Three basic attacks ere mapped to the face buttons, each of which can be modified with different directional inputs. As you damage your opponents you earn AP points, which fill your Super gauge (the only gauge shown on screen). There are three levels of Super attack, the weakest of which will instantly knock out an opponent but which is highly targeted and, therefore, easy to whiff. The second tier of Super is more powerful and sustains for a few seconds, allowing you to take out all opponents if you're quick and exact. The top-tier Super acts more like one of Street Fighter 4's Ultras, with an accompanying animated cut-scene to interrupt the action (in which, for example, PaRappa takes to the stage and raps, or BioShock's Big Daddy fills the scene with water, drowning opponents). Save up your AP for one of these attacks and you are near-guaranteed to earn three KO points.
"There's a faint sense that the game hopes to find a place in the competitive game circuit."
Blocking has its own button in PlayStation All-Stars Battle Royale, and you can evade-roll out of danger's way by pressing a directional input while blocking. Each character also enjoys four different throws, triggered by tilting the right stick in any of the compass-point directions while standing next to your opponent - useful for juggles. Certain matches introduce weapons, which are dropped into the scene and can be equipped by any player. These are drawn from Sony's back catalogue, such as the Hedgehog Grenade from Resistance or the Razor Claws from Ratchet & Clank, but on the whole they lack the bite to make them truly worthwhile.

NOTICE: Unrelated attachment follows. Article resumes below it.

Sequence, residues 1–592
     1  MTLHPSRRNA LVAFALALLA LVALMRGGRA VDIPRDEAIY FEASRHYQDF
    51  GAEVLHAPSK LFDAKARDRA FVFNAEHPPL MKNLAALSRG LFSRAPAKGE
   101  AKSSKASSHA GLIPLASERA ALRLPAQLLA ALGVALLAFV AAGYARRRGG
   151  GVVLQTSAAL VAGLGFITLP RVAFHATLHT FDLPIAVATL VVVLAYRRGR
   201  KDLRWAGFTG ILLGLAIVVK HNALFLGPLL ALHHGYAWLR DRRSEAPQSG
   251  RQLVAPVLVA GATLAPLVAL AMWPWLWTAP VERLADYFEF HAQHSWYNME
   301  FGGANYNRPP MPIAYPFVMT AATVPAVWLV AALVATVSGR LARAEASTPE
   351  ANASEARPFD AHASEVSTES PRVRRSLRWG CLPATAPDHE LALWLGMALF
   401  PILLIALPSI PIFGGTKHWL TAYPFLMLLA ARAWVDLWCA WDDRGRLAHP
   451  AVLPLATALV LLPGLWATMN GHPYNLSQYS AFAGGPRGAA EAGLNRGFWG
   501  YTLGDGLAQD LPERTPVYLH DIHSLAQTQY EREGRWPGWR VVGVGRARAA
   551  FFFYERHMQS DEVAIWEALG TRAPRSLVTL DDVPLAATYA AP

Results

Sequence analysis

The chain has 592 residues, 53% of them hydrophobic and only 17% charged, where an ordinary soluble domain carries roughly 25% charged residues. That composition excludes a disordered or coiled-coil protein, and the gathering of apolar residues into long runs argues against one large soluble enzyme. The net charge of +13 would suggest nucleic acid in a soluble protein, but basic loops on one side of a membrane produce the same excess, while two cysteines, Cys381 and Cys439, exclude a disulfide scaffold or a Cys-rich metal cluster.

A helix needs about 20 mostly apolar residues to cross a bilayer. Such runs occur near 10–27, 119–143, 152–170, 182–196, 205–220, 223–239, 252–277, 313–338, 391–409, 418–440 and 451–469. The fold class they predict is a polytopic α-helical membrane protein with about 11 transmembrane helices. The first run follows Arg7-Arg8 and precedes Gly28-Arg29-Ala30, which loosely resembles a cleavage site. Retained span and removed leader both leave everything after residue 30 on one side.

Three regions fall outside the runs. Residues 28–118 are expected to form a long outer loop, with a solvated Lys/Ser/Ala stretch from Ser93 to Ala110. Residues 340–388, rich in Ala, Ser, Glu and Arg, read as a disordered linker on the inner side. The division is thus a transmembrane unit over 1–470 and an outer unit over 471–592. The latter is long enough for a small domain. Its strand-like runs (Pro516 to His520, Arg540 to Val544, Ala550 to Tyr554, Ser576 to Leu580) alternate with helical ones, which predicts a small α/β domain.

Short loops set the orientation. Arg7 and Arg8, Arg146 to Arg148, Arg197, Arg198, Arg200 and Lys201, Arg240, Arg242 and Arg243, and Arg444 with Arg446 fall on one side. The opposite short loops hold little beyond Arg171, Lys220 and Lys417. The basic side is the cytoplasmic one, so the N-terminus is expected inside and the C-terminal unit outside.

Outside of matches, PlayStation All-Stars Battle Royale is a somewhat plain game. Its menus and options are functional but uninteresting and, for all the attention to detail that has been lavished on the characters and their move lists, the more general presentation lacks flair. Seth Killian's involvement (the ex-Capcom designer best known for his appearance in Street Fighter 4 as the final boss) is likely responsible for the excellent tutorials, which teach not only the basic move list for each character but also a number of combos, and there's a faint sense that the game hopes to find a place in the competitive game circuit.
But as a serious fighting game Battle Royale is, like its inspiration, too scrappy, too random and too unfocused to warrant the accolade. Meanwhile, as a celebration of lineage, the game boasts far fewer extras than 2008's comprehensive expression of the fan service fighter, Super Smash Bros. Brawl - and, perhaps, Sony lacks the lineage for a celebration on this scale. An enjoyable, workable clone then - and a surprisingly un-cynical one - but lacking the raw ingredients to truly replicate Nintendo's success in this niche.